Those of you who have been around long enough will surely remember the co-processors that were around roughly two decades ago. As their names indicate, the role of the co-processor is to assist the central processing unit or processor in specialised tasks like mathematical computation; which could bring a CPU to its knees. The advantage of co-processors over general purpose processors is that they excel at doing particular tasks very quickly and very efficiently.
The trend for cheap available upgrades has taken a new turn thanks to AMD, Clearspeed and DRC computer. The former has developed a co-processor, the CX600, that goes in a PCI-x slot and is capable of performing 25 billion floating point operations per seconds, far more for example than AMD’s own server Opterons.
While it is expensive to buy, the CX600 offers an attractive return on investment due to the time and energy saved. The most interesting aspect of it though is that it can be easily installed into any general purpose server with a 64-bit PCI-x slot.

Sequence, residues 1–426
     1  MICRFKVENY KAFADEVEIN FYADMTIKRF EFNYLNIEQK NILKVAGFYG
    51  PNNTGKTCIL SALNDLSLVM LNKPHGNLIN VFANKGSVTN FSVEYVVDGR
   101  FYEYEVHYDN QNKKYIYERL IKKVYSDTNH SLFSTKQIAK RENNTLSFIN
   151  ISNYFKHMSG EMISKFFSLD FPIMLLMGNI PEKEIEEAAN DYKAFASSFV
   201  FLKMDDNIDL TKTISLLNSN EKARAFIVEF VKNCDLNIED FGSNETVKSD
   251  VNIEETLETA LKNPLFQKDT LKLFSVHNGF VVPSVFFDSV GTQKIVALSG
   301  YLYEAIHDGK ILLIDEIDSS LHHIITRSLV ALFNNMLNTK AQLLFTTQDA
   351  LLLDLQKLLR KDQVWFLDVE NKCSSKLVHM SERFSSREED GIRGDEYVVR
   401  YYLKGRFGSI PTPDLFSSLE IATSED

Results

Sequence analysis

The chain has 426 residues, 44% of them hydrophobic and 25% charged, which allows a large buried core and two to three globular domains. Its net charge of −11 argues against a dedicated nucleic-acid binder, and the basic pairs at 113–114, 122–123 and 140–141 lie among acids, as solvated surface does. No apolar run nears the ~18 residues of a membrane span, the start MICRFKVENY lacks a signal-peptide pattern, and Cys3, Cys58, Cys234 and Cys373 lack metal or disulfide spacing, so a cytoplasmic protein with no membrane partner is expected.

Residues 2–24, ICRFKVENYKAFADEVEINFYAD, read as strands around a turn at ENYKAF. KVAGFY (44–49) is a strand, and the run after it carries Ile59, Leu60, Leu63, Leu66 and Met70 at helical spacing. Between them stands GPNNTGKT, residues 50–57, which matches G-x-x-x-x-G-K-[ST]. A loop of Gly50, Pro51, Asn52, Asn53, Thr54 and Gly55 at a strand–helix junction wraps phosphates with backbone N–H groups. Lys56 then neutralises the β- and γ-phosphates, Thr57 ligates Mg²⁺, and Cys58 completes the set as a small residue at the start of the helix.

The second one, DRC computer goes even further by building a reprogrammable co-processor that fits in AMD's Opteron sockets straight away by just opening and putting the coprocessor(s) in place.
A server like the iWill H8502 barebone server would be able to hold up to seven programmable DRC modules and one Dual Core (or even Quad Core) Opterons, if needed. As for the above solution, the initial investment is quickly recovered by the savings in time and energy.
If your work field demands high computational power for crunching numbers and requires doing defined, specific operations very quickly, then you should definitely investigate the co-processor solution.